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See also: lackall


Alternative forms[edit]


lack +‎ -all


lack-all (plural lack-alls)

  1. One who has nothing; a destitute person.
    • 1850, Carlyle, Thomas, “The Present Time”, in Latter-Day Pamphlets:
      To these outcast soldiers of his, unregimented roving banditti for the present, or unworking workhouse prisoners who are almost uglier than banditti; to these floods of Irish Beggars, Able-bodied Paupers, and nomadic Lackalls, now stagnating or roaming everywhere, drowning the face of the world (too truly) into an untenantable swamp and Stygian quagmire, has the Chief Governor of this country no word whatever to say?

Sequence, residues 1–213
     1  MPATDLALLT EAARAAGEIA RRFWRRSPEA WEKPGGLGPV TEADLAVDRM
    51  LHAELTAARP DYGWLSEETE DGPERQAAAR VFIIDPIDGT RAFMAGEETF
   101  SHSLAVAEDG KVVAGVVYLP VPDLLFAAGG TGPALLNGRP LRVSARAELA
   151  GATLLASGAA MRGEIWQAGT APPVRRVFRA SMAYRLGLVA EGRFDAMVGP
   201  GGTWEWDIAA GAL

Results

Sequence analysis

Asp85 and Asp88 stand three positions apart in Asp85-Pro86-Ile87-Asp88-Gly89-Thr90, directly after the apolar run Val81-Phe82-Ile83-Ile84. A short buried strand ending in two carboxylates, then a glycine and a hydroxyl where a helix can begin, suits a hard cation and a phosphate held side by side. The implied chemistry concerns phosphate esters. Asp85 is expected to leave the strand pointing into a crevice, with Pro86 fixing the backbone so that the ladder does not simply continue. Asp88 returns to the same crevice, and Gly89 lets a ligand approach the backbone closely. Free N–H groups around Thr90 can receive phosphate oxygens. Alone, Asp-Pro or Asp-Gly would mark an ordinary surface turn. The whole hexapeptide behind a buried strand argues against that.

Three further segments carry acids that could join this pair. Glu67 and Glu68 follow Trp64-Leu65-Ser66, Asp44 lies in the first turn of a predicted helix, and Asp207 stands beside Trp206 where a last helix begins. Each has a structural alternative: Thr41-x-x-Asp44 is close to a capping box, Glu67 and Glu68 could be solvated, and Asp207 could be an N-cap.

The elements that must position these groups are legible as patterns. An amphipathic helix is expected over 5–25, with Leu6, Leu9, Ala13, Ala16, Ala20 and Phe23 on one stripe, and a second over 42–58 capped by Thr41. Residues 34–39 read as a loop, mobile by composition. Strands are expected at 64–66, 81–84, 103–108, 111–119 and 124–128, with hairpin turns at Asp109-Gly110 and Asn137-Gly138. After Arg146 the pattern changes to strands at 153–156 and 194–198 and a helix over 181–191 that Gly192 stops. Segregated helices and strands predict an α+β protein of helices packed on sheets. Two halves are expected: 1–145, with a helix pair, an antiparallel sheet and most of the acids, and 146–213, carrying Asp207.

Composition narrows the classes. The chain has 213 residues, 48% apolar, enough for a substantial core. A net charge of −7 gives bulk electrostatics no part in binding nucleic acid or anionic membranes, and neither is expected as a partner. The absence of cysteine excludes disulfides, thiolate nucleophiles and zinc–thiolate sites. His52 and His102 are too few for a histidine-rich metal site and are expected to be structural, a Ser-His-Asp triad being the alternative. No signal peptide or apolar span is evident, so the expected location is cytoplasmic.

• 1886, Graham, William, The Social Problem[1], page 7:
      Thus feel both the labourers and the lack-alls who do not labour, and partly both have a just grievance and a true quarrel against society.


Derived terms[edit]